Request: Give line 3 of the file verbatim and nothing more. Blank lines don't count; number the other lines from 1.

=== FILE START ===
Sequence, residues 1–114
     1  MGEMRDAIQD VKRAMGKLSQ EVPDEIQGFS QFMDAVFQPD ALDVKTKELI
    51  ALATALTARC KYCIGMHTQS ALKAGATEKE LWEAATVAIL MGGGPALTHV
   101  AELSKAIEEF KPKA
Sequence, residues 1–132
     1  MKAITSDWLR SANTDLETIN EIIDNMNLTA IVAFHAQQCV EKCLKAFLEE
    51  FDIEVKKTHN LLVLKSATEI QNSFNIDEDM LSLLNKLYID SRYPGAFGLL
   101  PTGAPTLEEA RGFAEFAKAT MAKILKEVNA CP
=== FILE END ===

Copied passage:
    51  ALATALTARC KYCIGMHTQS ALKAGATEKE LWEAATVAIL MGGGPALTHV